Balancing Act: Is working late a necessity, or a habit?

(TNS) It’s a challenge almost every worker faces: getting out the office door on time. Many get caught in an email trap, sticking around to send one more message and finding themselves still at the office an hour later. Others linger late to appear committed to their jobs, particularly when the culture demands it.

But as the new year kicks in, resolutions around work-life balance invite new scrutiny into whether salaried employees should work late and why. Recruiting professional Andrew McGregor has gone viral with his strong belief that everyone needs to practice the art of leaving the office on time. In a LinkedIn post that drew hundreds of comments, McGregor, associate director at Design & Build Recruitment with offices in the U.S. and Australia, said that work is a never-ending process and everyone should stop trying to get everything done in a day. He also said a person who stays late at the office is not the most hard-working, but rather someone who is unable to balance his workday effectively.

With mobile devices, more managers now buy into the concept that quality and quantity of work count rather than hours at the office. But not all. In some environments, the culture makes it difficult to walk out before dark, regardless of workload. As one employee ranted online: “I am in advertising, and it just isn’t a 9-to-5 job, so even if I am done with most of what I have to do, no one walks out the door at 5 p.m. It’s stupid and annoying … but it’s just how it is.”

Communication has become important for the right kind of exit. “You don’t want to slip out to the ladies’ room and never come back,” says Elena Brouwer, owner of the International Etiquette Centre in Hollywood, Fla. Instead, touch base with your team, give your boss an update, and if necessary let her know you will wrap up a loose end the next day, and then walk out the door. By regularly leaving on time, managers and clients become less likely to drop to-dos on your lap toward the end of the day, Brouwer says.

Working late has increasingly become the norm for most salaried workers. A 2014 Gallup poll of 1,271 U.S. workers found on average, full-time workers spend 47 hours a week at work, and 80 percent of workers spend time “after hours” answering emails and returning phone calls. But with all this effort, research shows working longer hours doesn’t contribute to higher productivity. In studying a variety of research, the Harvard Business Review found working more than 40 hours a week could make some workers less productive, put them at risk for making mistakes, and create the appearance of poor time-management skills. “Managers are aware that a lot of workers waste time and get distracted … so at the end of the day, they haven’t finished their work, and that is why they are at the office late,” Brouwer says.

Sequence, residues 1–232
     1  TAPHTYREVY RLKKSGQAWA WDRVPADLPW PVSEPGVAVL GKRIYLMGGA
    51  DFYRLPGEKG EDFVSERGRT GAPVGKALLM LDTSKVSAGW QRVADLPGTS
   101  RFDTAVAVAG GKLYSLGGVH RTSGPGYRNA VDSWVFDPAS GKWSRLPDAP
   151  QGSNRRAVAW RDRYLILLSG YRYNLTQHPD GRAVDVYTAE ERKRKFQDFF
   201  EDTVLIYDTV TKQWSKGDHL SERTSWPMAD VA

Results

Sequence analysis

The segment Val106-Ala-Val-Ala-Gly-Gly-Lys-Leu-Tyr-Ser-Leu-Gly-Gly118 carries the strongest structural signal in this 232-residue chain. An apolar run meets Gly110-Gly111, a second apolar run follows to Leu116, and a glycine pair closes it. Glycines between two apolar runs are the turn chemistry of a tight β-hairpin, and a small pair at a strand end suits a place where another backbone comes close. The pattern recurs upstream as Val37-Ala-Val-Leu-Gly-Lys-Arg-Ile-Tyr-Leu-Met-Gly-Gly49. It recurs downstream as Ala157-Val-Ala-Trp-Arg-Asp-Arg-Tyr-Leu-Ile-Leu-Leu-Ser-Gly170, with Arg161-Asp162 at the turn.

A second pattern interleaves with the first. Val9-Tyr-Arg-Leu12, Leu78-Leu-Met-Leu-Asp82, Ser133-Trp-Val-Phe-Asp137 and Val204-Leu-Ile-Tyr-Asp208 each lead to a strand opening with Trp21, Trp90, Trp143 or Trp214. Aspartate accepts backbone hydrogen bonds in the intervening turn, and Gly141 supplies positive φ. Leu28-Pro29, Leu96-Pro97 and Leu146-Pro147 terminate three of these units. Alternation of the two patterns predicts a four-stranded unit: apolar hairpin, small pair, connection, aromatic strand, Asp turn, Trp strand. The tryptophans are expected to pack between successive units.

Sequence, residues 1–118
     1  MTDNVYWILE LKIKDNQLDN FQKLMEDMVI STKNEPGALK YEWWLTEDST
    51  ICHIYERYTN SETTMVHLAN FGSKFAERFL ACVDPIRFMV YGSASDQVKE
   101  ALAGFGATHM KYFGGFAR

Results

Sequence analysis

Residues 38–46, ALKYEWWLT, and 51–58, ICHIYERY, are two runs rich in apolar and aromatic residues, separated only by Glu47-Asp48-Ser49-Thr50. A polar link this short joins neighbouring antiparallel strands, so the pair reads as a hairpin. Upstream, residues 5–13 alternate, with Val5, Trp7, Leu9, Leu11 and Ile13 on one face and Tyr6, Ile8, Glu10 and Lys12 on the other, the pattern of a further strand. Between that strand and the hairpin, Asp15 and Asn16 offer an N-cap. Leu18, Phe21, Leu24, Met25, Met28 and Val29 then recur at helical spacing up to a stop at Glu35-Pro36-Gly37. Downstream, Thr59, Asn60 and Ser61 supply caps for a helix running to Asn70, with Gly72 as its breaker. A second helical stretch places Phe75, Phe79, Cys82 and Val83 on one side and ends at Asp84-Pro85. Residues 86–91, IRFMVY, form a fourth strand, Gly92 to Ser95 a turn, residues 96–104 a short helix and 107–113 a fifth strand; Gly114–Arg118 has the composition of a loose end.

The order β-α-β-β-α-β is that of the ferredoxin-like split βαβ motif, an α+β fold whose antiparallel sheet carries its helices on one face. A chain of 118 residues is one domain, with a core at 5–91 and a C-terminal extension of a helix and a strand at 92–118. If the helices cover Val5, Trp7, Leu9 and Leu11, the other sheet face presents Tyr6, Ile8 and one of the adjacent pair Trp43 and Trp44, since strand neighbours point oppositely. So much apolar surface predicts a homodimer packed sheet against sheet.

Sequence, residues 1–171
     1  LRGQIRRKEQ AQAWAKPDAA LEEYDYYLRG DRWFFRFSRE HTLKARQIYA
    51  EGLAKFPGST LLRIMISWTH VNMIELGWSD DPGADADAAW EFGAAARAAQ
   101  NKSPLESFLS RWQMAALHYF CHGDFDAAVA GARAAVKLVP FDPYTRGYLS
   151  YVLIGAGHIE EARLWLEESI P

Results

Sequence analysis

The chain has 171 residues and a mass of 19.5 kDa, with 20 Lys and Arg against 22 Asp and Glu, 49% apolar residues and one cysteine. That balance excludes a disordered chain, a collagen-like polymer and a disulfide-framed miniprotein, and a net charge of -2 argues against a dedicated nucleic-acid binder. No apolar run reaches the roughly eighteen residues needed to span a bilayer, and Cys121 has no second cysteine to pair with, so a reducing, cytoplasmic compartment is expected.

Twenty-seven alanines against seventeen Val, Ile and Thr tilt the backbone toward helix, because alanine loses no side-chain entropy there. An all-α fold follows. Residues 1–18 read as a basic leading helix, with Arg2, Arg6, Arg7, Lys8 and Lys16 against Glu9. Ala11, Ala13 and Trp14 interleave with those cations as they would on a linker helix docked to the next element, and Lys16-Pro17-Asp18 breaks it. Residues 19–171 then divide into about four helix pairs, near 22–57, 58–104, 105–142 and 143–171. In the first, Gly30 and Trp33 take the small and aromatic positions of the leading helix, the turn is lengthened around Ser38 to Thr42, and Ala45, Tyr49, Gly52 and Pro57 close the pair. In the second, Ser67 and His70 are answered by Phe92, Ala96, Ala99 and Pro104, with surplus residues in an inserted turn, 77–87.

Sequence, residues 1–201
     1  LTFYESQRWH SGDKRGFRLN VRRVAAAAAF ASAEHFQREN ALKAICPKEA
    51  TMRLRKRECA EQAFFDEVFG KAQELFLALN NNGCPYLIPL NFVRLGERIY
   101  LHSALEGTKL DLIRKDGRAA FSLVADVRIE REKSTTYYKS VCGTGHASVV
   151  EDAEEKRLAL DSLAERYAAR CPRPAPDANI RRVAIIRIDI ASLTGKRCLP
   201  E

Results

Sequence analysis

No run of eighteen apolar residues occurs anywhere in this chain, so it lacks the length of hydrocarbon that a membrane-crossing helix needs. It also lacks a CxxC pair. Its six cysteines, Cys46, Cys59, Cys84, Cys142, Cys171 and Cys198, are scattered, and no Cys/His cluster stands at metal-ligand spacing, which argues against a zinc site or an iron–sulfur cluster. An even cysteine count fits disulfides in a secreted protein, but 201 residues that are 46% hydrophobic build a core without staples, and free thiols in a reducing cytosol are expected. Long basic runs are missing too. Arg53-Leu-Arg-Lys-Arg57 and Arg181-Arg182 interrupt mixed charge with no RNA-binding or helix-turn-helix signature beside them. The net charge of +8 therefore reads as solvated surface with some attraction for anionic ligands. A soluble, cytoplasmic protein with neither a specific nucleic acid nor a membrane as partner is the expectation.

Carrying out the art of leaving on time starts before the workday does, with a psychological commitment to a departure time and a plan to make it happen. Maria Paulsen, vice president of Gibraltar Private Bank in Miami Beach, Fla., says, “If you want to leave after eight hours, you need to be efficient within those hours.” Paulsen plans her workday the night before, with a target to leave by 5:30 p.m. Some days don’t go as planned. Many do. During the day, she refrains from checking email every five minutes and hunkers down to work on key priorities early in the day. She attends only meetings necessary to do her job well. “It really is about good time-management skills and setting priorities with your boss,” she says.

A growing number of managers understand a desire for better work-life balance, see the trend toward burnout and are willing to help employees work toward a timely departure — without the need to log back on later in the evening. Nubielena Medina, CEO of NMG Consulting, a strategic communications firm in Doral, Fla., says training her employees and clients to expect the office to close at 5 p.m. took 15 years to accomplish: “We don’t have emergency fires all the time that obligate us to stay late. We plan ahead, create schedules, make sure clients understand the schedules.” Medina says the rule is employees must be there when the office opens at 8:30 a.m. “When we’re done, we leave,” she said. “We’re responsive to the needs of our clients, but we have to be able to have time for families and ourselves.”

Of course, there are careers that won’t fit the 9-to-5 mold, such as doctors and police officers. And sometimes the workload in key positions demands long hours. When a new job function or innovative project comes with a learning curve, the challenge to leave the office after eight hours becomes greater. “Sometimes you have to put in the extra hours because you are catching up with requirements of the role,” says David Hernandez, CEO and co-founder of Liberty Power in West Palm Beach, Fla. But if late nights are chronic, year after year, for an individual, Hernandez says he questions whether there is a problem. “I prefer people go home and sharpen the saw and come back more rested and enthusiastic the next day.”

In studying overwork, experts say people whose job constantly interferes with an outside life because of long hours may need to reexamine whether they are taking on too much — or in the wrong job. As McGregor suggests: Prioritize tasks, minimize distractions, set the right expectations — and then, leave work on time.

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ABOUT THE WRITER

Cindy Krischer Goodman is CEO of BalanceGal LLC, a provider of news and advice on how to balance work and life. She can be reached at balancegal@gmail.com. Read her columns and blog at worklifebalancingact.com.

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